Of all our locations during the IPPE month, the Sterile Products Area (SPA) worried me the most. We would be required to fill IV bags with medicines that would go to an actual patient in the hospital. Sure we learned and demonstrated aseptic technique during the lab class, but this was real. Messing up in here could lead to an infection in the patient or overdose or underdose. There are a lot of ways to be wrong when filling IV bags or syringes.
Going into the room was just as predicted. No ties or jewelry. Put on the bonnet, face mask and shoe covers. After a thorough hand/forearm washing, you don the gown and step into the sterile area. Apply some alcohol to your hands in case you missed anything and put on the special, tight, sterile gloves. Oh and some more alcohol. Essentially, in the SPA the answer is always alcohol. Now you are ready to get to work.
After collecting a long list of medication orders, you fill a table with the appropriate drug and bag. Then you start filling. Now at the table, more aseptic procedures prevent contamination. In lab, we worked with a horizontal air flow. Nothing should get in between the filter and their products. In this hospital, we had a vertical air flow, so nothing should be above the needle or bags. This includes your hands. Clean your area with some alcohol, spray your gloved hands, and the ports on the vials and bags. Now you are ready to stick a needle into the vial. After withdrawing the correct amount, inject that into the IV bag of normal saline or dextrose. At all times, remember the air flow comes from above. If you accidentally pass over the bag, spray the port with some alcohol. Finally, cap your needle and put into the sharps container. Place the label on the bag and hand it off to the pharmacist.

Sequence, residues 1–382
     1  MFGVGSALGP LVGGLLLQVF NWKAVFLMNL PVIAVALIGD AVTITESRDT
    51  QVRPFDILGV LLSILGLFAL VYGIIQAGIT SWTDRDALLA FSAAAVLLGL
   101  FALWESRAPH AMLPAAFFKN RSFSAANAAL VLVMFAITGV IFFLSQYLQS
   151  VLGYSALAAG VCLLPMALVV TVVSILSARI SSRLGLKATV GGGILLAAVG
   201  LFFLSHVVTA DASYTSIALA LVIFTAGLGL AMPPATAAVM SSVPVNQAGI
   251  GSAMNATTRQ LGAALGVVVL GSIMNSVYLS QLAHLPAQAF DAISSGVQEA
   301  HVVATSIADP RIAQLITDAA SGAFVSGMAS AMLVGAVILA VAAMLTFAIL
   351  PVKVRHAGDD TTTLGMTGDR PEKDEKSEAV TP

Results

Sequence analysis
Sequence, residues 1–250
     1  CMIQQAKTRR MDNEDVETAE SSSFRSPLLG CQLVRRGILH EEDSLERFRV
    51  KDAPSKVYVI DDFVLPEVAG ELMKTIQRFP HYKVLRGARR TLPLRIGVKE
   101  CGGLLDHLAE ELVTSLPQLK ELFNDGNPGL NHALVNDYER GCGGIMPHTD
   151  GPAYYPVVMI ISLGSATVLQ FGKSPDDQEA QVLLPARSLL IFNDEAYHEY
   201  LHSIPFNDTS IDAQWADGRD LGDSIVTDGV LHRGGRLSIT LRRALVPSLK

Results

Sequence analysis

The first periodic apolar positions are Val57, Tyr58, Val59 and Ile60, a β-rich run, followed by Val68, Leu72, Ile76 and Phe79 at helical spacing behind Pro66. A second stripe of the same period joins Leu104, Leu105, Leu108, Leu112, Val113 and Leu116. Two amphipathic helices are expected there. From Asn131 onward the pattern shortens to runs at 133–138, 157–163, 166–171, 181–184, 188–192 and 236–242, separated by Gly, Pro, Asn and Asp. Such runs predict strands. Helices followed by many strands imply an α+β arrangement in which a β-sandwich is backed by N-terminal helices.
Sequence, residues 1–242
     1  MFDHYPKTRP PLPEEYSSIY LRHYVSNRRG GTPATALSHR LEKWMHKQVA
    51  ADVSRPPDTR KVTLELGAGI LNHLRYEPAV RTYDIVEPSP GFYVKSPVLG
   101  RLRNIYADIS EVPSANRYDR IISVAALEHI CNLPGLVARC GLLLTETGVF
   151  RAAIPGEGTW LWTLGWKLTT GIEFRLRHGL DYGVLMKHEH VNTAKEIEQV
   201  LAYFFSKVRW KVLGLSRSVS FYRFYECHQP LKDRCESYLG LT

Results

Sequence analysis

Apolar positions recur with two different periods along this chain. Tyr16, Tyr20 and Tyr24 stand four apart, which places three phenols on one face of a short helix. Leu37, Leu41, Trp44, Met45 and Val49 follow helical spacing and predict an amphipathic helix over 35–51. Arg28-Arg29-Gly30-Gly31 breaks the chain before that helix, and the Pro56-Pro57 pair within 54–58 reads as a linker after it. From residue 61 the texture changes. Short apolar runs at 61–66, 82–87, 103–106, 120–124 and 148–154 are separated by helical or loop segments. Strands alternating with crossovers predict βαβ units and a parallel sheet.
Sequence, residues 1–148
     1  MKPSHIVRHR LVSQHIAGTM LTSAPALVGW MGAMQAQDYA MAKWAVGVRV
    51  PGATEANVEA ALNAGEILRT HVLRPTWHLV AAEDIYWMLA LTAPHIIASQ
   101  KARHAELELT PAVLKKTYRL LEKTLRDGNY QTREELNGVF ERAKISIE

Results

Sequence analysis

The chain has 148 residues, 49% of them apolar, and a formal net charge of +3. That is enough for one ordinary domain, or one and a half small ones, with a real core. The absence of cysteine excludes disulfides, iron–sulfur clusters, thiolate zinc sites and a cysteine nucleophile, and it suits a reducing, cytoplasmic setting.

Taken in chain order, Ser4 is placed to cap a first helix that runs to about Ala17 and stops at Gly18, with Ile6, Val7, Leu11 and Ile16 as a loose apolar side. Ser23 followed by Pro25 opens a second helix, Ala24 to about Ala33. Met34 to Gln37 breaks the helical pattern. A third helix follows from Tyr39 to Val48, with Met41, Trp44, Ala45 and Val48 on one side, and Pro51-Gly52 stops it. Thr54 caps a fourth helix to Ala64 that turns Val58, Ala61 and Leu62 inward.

I was really nervous for the first couple of bags, but I had no problems and started to move along. We did some reconstitutions by adding sterile water for injection into a vial of dry powder before putting it into the bag. We used a transfer needle which squeezes the bag's fluid into the vial, mixes the solution and passes the medicine into the bag. Everything was moving along until my partner had a major accident. While I was dutifully removing air bubbles from the syringe, a rather large needle went flying past my face along with a few choice words. She had accidentally stuck herself in the thumb. Before I could turn around, she was gone. There wasn't much I could do other than clean up the area and finish my batch. I felt really bad for her.
All of that was before lunch. After our lunch meeting, I came back to the SPA to work with the pharmacist. We checked the bags that the technicians (including me) filled. You check the contents of the bag, the drug from the vial and the volume from the syringe. Everything must match up to the order before putting your legal initials on the label. We went to the nutrition area to check the TPN (total parenteral nutrition) for the patients that can't eat. A lot of products do into a yellow fluid to provide calories, carbs, proteins and fats to an unconscious patient - also a lot for babies in the NICU.
Some IPPE students that the other hospitals throughout the state spent an entire week in the IV room. We worked in the SPA for one morning, about 3 hours. I would have liked more time to fill IV bags and use the aseptic technique we worked on. But I don't know what I would have wanted to give up more time there. The SPA technique is complicated, but a simple checklist helps prevent you from missing anything that might hurt a patient. I believe I would be comfortable as a pharmacist in the IV area. You have to know a lot about compatibility between the drug and the fluid. A lot can go wrong in the area, but you definitely use a lot of the knowledge you accumulate in pharmacy school.